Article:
With a family and additional reponsibilities, a promotion was accepted and soon he was off to Gainesville where he would ulimately finish his career supervising and running labs for the hospital that eventually was taken over by Shands.


Parallel with his career advancements was his ingratiation into the Williston community. He became a volunteer firefighter, attended the First Baptist Church and cared for his family.

And then he went to a city council meeting.

Another gentleman in attendance addressed the council with his complaint.

"They were treating him awful," Hethcoat said, with just a hint of his East Tennessee drawl slipping through. "So I spoke on his behalf." The city attorney admonished Hethcoat and the die was cast.

"I did something no one expected," he said. "I bought brochures and I went and knocked on just about every door in Williston. I rode up and down streets and if I saw people in their yards, I stopped and talked with them.

"I'd meet people in the grocery store or at the gas pump and I'd introduce myself. It's the same thing I've done every time I ran for office and had opposition."

For 20 years, he sat on the Williston City Council and lobbied for the people of his adopted hometown. And then he learned he could retire and draw a pension.

So he did. And ran for county commission and was defeated.


But then the mayoral seat was up for grabs when the sitting mayor told him he wasn't going to run again.

Hethcoat made his way to city hall, filled out his paperwork and was ready to run. Then the mayor called him and told him he'd changed his mind and he would be seeking re-election.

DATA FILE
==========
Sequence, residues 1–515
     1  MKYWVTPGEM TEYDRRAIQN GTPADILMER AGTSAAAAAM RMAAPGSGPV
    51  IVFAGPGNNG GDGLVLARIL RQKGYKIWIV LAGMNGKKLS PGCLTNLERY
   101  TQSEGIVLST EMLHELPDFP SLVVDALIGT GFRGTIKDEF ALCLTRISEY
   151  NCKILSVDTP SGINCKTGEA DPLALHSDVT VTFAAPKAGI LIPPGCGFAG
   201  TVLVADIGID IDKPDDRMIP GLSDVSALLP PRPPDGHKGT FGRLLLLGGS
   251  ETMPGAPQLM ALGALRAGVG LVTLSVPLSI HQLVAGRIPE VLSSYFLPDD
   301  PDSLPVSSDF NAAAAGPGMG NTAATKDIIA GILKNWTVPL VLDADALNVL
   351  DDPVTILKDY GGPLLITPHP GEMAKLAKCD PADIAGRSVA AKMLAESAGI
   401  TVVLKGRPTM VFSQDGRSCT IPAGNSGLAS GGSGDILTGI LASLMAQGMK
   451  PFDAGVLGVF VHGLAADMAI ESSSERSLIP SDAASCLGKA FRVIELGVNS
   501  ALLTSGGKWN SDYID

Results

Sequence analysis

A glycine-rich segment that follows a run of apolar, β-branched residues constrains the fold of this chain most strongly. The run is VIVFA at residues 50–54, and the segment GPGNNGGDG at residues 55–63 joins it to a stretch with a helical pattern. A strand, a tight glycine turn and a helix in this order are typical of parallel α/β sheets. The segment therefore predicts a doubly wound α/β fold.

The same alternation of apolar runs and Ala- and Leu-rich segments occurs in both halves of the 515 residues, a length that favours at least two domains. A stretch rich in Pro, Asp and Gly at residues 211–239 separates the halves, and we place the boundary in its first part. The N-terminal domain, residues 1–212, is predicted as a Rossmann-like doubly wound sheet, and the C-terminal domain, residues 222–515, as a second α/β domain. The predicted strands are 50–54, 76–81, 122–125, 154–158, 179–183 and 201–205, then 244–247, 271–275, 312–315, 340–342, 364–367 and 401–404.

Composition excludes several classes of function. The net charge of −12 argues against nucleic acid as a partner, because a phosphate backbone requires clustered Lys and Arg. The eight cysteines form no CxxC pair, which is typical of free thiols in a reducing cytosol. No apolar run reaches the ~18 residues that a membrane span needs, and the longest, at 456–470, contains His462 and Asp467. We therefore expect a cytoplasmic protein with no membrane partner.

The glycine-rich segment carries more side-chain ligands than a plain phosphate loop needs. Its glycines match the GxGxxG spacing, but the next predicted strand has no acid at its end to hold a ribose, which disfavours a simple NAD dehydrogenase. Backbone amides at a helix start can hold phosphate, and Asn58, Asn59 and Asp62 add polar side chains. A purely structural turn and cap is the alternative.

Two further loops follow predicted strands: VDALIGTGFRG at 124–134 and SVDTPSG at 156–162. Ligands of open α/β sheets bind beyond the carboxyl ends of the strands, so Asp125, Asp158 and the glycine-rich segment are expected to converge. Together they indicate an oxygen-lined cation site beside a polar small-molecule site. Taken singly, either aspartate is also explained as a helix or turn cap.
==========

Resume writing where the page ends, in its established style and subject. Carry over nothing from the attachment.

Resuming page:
"Too late," Hethcoat told him. "I've already turned in my paperwork."

He won and what followed was 17 years of supervising the police and fire departments and speaking on behalf of his constituents while traveling nationwide to represent Williston and stand up for its needs.


The best part of his 37-plus year political career, he said, are the people.

"Everyone has treated me so nice," he said. "The people have been very kind to me. Anything I ever did, I always asked if the people would enjoy it or benefit from it. I always wanted to ensure everything was the right fit and I was always for anything that made us better."

Anyone ever meeting Hethcoat and inquiring as to his health gets the standard reply, "Best you ever saw."

It's that eternal optimism and friendliness that marks his personality with setbacks and discouragement pushed to the back burner.

The only real disappointment, he admits, is not seeing one dream become reality.

"I wish we had a Walmart here," he said.

"But I still have faith," Hethcoat continued, "that downtown will make it and thrive again."

He believes lighting up windows in the downtown area will draw people to slow down and look and then come back. There's hope for Williston and he knows in time great things will happen.

"I'm so proud of our police and fire departments," he said, "and the airport and how far it has come. We're blessed for the businesses we've been able to get to Williston and the ones that have stayed with us."

He claims he never has looked at his life as one filled with accomplishments.

"You have something to do and you get it done," he said matter-of-factly. You just do the right thing and stick by it."


What now? Some travel visiting family is always on the agenda, he said, and puttering in his yard, Fresh water fishing will also take a top seat.

"I'll take my friends out freshwater fishing," he said, "and in return they'll take me out saltwater fishing.

"Over the years, I've known so many wonderful people and got to experience many wonderful things.

"It's been a good life and coming here was the best move I ever made," he said.